Women prisoners in the criminal justice system : towards equal treatment and recognition of difference : a thesis presented in partial fulfillment of the requirements for the degree of Master of Arts (Social Policy), Massey University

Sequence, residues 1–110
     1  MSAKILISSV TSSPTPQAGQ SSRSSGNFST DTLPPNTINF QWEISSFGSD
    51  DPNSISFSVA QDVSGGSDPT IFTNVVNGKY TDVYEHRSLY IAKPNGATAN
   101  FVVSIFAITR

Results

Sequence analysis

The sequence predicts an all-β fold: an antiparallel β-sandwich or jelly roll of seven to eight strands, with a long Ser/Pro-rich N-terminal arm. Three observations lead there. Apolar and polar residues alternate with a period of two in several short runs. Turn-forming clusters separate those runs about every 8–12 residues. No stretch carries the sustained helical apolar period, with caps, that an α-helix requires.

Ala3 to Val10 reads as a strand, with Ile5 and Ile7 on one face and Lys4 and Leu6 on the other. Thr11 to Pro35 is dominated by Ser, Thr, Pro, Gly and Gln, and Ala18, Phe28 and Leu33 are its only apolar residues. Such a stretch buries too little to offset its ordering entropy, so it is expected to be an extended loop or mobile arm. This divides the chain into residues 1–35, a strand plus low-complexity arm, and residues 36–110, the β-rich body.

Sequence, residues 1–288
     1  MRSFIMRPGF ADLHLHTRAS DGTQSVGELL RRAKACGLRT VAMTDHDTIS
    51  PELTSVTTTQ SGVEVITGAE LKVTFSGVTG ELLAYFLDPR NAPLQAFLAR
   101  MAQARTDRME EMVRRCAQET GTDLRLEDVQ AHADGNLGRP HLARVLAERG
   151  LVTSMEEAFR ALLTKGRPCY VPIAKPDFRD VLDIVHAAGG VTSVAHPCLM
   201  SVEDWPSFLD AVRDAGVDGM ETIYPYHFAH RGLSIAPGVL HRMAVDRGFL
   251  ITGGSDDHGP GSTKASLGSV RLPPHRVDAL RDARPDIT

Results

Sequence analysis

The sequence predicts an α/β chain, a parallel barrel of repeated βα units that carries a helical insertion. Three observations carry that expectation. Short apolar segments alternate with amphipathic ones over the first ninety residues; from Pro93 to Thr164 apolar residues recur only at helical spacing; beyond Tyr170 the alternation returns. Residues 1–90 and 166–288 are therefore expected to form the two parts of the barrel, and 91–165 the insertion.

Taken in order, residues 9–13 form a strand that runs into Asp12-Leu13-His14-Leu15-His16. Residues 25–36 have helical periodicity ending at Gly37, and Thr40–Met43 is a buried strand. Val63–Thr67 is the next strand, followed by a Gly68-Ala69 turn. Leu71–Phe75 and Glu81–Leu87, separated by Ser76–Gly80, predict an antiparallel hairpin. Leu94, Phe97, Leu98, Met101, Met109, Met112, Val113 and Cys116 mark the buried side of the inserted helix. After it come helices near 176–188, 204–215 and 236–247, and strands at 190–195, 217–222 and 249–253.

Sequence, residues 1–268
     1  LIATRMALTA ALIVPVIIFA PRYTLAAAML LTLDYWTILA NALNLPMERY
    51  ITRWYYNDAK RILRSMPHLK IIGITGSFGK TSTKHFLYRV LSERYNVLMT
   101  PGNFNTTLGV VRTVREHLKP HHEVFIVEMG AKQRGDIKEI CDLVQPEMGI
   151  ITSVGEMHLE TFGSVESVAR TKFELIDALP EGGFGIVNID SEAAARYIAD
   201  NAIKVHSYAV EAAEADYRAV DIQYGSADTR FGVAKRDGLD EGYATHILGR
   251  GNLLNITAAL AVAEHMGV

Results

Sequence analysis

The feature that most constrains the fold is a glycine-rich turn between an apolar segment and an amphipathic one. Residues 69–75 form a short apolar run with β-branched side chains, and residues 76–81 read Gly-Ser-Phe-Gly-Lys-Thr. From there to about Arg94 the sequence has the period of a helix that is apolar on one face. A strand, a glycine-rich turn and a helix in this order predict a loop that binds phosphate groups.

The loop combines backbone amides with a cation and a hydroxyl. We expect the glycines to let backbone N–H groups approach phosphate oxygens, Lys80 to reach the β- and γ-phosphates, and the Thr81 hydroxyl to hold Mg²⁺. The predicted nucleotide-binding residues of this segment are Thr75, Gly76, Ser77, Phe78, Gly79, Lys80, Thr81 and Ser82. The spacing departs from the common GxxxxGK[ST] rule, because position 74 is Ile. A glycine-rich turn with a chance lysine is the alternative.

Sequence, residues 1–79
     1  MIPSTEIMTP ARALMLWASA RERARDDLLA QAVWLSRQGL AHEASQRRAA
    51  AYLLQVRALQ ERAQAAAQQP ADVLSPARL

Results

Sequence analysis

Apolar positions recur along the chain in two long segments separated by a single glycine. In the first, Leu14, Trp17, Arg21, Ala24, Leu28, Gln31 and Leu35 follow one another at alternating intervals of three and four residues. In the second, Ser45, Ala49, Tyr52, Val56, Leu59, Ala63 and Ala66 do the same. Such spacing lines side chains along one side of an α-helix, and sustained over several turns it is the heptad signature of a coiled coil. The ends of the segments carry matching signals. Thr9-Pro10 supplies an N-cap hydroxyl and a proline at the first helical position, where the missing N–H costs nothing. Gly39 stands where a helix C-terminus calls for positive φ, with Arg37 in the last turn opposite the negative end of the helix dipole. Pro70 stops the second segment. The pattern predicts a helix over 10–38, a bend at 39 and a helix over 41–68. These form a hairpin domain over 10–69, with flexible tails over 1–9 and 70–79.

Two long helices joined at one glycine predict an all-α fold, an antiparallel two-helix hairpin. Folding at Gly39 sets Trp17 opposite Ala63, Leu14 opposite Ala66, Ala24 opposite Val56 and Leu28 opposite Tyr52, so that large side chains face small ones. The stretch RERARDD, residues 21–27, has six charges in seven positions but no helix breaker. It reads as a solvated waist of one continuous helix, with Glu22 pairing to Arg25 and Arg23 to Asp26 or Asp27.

This thesis is about the extent to which women who have received custodial sentences have their criminogenic needs met: that is how they are assisted to lead good lives without further offending. I approached the thesis from the perspective that women who have been imprisoned are entitled to be treated equally with men: to be imprisoned for the same seriousness of offences. They should have the same benefits, such as contact with families. They should at least receive the same level and quality of preparation for life after prison and equal standards of accommodation. In addition the genuine social differences between men and women should be recognized. Women are usually the main caregivers for children. Typical women prisoners are also solo parents, and so have the financial responsibility for of financial support for children as well as care. However, most of the women have few qualifications or opportunities for making a living to support their families that does not involve law-breaking. A recognition of these differences should lead to some supports being provided to women prisoners, such as education and training. In my interviews with women ex-prisoners and prison managers, and in surveying the literature I found that neither women's rights to equal treatment nor their differences were adequately reecognised in past or present penal policy. Whilst it is true that the minority status of the female prison population poses challenges for policy, it does not explain the systematic disadvantage faced by women in prison. There are alternative policies which could very well be more appropriate and some of these are set out in the concluding chapter to the thesis.